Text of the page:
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Big Thief with Twain

$11.00

Details

Date:
July 10
Time:
9:00 pm
Doors:
8:00 pm
Tickets:
$11.00
Audience:
Ages 21+
Seating:
General Admission
Event Category:

Venue

The Aquarium
226 Broadway
Fargo, ND 58102

Get Tickets

BUY TICKETS

*Additional fees may apply. All purchases are final and non–refundable.

Get tickets by clicking the link above, or in person at the Tickets300 box office (located at 306 N. University Drive in Fargo), or by calling 866-300-8300.


Artist Bio

Big Thief’s music, rooted in the songs of Adrianne Lenker, paints in vivid tones “the process of harnessing pain, loss, and love, while simultaneously letting go, looking into your own eyes through someone else’s, and being okay with the inevitability of death,” says Adrianne.

Masterpiece, Big Thief’s debut album (Saddle Creek), is filled with characters and visceral narratives, songs that pivot in the space of a few words. Adrianne’s voice and guitar playing speak of rich emotional territory with grace and insight. In her words, the record tracks “the masterpiece of existence, which is always folding into itself, people attempting to connect, to both shake themselves awake and to shake off the numbness of certain points in their life. The interpretations might be impressionistic or surrealistic, but they’re grounded in simple things.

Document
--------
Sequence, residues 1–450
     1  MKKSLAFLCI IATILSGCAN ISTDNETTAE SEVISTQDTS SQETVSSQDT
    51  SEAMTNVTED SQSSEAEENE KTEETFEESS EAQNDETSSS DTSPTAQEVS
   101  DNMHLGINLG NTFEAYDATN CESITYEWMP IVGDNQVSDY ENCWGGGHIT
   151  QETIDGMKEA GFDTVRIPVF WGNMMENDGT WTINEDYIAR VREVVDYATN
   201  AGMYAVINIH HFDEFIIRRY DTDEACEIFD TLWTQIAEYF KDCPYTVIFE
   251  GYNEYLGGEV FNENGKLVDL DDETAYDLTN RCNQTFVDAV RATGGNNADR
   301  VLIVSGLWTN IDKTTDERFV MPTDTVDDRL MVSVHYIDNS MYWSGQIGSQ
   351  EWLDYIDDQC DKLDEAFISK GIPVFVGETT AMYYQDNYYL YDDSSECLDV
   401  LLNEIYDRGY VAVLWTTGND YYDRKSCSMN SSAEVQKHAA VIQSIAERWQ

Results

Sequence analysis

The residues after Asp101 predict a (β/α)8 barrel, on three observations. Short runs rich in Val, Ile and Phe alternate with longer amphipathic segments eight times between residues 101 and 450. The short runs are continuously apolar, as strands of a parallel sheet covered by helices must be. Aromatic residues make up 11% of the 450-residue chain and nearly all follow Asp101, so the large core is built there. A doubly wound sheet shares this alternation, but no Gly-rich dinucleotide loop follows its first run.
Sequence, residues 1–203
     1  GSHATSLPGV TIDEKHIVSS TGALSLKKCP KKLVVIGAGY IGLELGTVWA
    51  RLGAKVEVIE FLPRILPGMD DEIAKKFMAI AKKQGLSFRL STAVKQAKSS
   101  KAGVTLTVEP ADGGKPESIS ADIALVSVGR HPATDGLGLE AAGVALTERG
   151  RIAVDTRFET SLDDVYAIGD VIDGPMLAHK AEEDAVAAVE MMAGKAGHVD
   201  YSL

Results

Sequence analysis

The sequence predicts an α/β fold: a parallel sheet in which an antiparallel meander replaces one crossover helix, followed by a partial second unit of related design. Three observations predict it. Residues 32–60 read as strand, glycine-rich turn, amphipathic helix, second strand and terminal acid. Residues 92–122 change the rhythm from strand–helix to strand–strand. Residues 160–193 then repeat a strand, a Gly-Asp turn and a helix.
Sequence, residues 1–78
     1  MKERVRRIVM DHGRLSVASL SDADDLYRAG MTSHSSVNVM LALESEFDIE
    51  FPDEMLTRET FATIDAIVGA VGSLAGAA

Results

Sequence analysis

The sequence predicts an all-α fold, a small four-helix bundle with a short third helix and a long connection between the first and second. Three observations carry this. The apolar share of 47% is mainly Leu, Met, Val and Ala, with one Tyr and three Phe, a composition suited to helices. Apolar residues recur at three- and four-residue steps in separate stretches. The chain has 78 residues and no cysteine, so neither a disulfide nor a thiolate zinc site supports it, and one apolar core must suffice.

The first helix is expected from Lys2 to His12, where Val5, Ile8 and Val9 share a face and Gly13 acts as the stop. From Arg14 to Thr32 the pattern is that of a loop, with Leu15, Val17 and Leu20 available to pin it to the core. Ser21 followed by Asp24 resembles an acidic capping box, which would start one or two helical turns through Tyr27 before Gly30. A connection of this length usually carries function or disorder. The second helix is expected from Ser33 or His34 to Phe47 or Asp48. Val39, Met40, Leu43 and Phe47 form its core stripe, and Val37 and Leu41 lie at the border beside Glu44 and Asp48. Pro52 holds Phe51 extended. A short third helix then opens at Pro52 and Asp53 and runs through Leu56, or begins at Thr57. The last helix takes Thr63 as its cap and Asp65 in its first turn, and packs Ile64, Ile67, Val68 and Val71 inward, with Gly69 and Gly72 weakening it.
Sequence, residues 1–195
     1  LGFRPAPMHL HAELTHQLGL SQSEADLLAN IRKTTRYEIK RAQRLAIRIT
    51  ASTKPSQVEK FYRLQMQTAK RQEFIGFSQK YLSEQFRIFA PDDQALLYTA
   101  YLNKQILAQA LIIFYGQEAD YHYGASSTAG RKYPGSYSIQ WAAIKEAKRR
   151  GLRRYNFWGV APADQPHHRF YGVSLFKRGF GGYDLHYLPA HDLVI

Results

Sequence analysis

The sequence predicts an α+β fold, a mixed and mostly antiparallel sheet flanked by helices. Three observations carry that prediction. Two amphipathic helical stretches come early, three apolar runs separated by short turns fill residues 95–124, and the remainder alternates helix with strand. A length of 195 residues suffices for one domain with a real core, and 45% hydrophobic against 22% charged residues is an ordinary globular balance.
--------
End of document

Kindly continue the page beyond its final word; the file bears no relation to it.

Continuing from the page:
Adrianne met her longtime musical partner, guitarist and singer, Buck Meek, in Brooklyn a few years ago, and they quickly formed a creative bond tempered by the experience of traveling and performing for months on end in old dive bars, yards, barns, and basements together. They recorded a pair of duo albums (A-Sides and B-Sides), and Adrianne showcased her songs on a solo album, Hours Were The Birds.

Now, as a full rock and roll band, with Buck on guitar, Max Oleartchik on bass, and James Krivchenia on drums, they bring a steady wildness, giving the songs an even deeper layer of nostalgia. “These guys feel like a pack of wolves at my back,” says Adrianne, “they make the songs howl and bark with a fierce tenderness that gives me courage.”

After spending last July in an old house that they turned into a studio on Lake Champlain with producer Andrew Sarlo, the resulting collection soars on what Big Thief fan Sharon Van Etten calls “… a real journey, with intelligent stories and twist-and-turn melodies.”


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